GlusterFS Madness


As mentioned in Btrfs on the server, we have been using btrfs as our primary filesystem for our servers for the last year and a half or so, and, for the most part, it’s been great. There have only been a few times that we’ve needed the snapshots that btrfs gives us for free, but when we did, we really needed them.

At the end of the last school year, we had a bit of a problem with the servers and came close to losing most of our shared data, despite using DRBD as a network mirror. In response to that, we set up a backup server which has the sole job of rsyncing the data from our primary servers nightly. The backup server is also using btrfs and doing nightly snapshots, so one of the major use-cases behind putting btrfs on our file servers has become redundant.

The one major problem we’ve had with our file servers is that, as the number of systems on the network has increased, our user data server can’t handle the load. The configuration caching filesystem (CCFS) I wrote has helped, but even with CCFS, our server was regularly hitting a load of 10 during breaks and occasionally getting as high as 20.

Switching to GlusterFS

With all this in mind, I decided to do some experimenting with GlusterFS. While we may have had high load on user data server, our local mirror and shared data servers both had consistently low loads, and I was hoping that GlusterFS would help me spread the load between the three servers.

The initial testing was very promising. When using GlusterFS over ext4 partitions using SSD journaling on just one server, the speed was just a bit below NFS over btrfs over DRBD. Given the distributed nature of GlusterFS, adding more servers should increase the speed linearly.

So I went ahead and broke the DRBD mirroring for our eight 2TB drives and used the four secondary DRBD drives to set up a production GlusterFS volume. Our data was migrated over, and we used GlusterFS for a week without any problems. Last Friday, we declared the transition to GlusterFS a success, wiped the four remaining DRBD drives, and added them to the GlusterFS volume.

I started the rebalance process for our GlusterFS volume Friday after school, and it continued to rebalance over the weekend and through Monday. On Monday night, one of the servers crashed. I went over to the school to power cycle the server, and, when it came back up, continued the rebalance.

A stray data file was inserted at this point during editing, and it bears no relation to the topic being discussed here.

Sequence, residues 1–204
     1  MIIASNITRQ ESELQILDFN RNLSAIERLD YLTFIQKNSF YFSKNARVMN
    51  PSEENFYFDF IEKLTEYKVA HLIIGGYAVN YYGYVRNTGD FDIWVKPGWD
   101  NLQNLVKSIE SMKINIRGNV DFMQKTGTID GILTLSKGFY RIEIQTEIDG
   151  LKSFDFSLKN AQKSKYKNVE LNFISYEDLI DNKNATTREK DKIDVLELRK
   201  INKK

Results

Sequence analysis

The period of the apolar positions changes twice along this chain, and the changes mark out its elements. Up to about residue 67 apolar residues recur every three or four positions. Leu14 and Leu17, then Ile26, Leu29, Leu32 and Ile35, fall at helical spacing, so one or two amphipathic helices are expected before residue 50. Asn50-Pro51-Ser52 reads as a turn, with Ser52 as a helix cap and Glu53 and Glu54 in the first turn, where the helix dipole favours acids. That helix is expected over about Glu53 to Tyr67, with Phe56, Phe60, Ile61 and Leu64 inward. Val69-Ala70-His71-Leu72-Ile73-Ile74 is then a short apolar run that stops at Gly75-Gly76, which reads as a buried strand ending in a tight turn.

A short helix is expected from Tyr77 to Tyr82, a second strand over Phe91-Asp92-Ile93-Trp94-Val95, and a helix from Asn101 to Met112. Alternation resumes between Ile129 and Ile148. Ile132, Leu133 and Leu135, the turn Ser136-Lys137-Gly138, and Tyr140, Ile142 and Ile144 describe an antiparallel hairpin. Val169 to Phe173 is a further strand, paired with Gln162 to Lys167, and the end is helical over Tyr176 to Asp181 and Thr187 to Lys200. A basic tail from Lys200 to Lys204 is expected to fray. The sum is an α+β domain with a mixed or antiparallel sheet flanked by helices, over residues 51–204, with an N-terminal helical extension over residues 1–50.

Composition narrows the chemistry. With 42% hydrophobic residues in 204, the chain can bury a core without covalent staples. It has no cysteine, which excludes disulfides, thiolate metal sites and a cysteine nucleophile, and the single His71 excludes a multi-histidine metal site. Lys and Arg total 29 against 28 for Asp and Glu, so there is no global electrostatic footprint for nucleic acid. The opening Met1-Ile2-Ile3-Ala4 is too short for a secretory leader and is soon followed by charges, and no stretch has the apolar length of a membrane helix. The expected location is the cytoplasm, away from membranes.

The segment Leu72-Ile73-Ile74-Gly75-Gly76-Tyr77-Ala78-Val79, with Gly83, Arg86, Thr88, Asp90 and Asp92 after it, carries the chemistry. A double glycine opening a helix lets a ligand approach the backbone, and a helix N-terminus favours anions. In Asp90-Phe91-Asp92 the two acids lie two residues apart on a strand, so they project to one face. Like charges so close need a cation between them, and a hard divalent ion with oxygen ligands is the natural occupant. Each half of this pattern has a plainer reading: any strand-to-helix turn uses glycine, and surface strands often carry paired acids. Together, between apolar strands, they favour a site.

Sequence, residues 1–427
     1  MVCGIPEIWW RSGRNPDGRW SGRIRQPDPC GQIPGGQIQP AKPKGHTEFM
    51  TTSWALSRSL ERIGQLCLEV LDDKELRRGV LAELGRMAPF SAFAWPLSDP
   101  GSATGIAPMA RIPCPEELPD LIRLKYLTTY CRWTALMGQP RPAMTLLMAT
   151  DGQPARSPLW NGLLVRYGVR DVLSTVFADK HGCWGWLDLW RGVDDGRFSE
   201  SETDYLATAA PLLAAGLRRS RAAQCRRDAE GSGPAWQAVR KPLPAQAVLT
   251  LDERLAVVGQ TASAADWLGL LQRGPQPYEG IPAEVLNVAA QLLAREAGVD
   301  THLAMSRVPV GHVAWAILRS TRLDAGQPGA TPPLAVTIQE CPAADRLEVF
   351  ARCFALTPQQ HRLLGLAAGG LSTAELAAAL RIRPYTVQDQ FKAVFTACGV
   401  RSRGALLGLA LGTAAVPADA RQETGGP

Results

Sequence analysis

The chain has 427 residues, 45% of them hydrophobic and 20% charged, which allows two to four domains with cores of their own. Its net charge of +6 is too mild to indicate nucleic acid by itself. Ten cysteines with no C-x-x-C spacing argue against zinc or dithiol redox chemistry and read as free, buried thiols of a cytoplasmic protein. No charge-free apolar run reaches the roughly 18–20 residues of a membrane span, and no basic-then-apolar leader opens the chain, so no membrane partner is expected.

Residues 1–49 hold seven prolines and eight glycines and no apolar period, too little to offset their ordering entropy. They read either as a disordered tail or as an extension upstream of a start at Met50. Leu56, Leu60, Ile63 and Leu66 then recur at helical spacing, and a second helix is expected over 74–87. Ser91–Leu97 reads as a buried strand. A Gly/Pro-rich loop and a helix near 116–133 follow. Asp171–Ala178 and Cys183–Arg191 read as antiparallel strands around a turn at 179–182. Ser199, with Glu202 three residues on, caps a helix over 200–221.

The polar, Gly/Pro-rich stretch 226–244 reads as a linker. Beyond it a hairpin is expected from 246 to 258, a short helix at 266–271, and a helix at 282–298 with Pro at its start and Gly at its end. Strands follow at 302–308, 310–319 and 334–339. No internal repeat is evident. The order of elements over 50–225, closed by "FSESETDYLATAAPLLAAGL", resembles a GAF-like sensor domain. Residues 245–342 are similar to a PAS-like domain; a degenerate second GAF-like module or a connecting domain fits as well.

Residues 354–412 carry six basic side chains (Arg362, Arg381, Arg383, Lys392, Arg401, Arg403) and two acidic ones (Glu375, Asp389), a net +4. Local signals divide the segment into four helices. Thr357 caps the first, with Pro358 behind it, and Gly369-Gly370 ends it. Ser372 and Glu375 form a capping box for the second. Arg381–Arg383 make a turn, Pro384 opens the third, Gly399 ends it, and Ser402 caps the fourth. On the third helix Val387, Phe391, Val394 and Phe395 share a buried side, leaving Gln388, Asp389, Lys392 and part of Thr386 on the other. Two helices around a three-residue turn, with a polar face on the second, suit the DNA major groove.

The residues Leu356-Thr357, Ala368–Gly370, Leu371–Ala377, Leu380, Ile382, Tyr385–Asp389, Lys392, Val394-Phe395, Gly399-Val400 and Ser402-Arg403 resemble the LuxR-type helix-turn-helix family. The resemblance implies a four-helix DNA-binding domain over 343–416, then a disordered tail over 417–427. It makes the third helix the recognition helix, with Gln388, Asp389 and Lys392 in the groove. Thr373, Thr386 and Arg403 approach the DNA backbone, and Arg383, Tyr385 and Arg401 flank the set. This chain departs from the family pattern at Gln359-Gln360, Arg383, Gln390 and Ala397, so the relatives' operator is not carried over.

Tuesday morning, when I checked on the server, I realized that, as a result of the crash, the rebalance wasn’t working the way it should. Files were being removed from the original drives but not being moved to the new drives, so we were losing files all over the place.

After an emergency meeting with the principal (who used to be the school’s sysadmin before becoming principal), we decided do ditch GlusterFS and go back to NFS over ext4 over DRBD. We copied over the files from the GlusterFS partitions, and then filled in the gaps from our backup server. Twenty-four sleepless hours later, the user data was back up and the shared data was up twenty-four sleepless hours after that.

Lessons learned

  1. Keep good backups. Our backups allowed us to restore almost all of the files that the GlusterFS rebalance had deleted. The only files lost were the ones created on Monday.
  2. Be conservative about what you put into production. I’m really not good at this. I like to try new things and to experiment with new ideas. The problem is that I can sometimes put things into production without enough testing, and this is one result.
  3. Have a fallback plan. In this case, our fallback was to wipe the server and restore all the data from the backup. It didn’t quite come to that as we were able to recover most of the data off of GlusterFS, but we did have a plan if it did.
  4. Avoid GlusterFS. Okay, maybe this isn’t what I should have learned, but I’ve already had one bad experience with GlusterFS a couple of years ago where its performance just wasn’t up to scratch. For software that’s supposedly at a 3.x.x release, it still seems very beta-quality.

The irony of this whole experience is that by switching the server filesystems from btrfs to ext4 with SSD journals, the load on our user data server has dropped to below 1.0. If I’d just made that switch, I could have avoided two days of downtime and a few sleepless nights.

Nuclear explosion credit – Licorne by Pierre J. Used under the CC-BY-NC 2.0 license.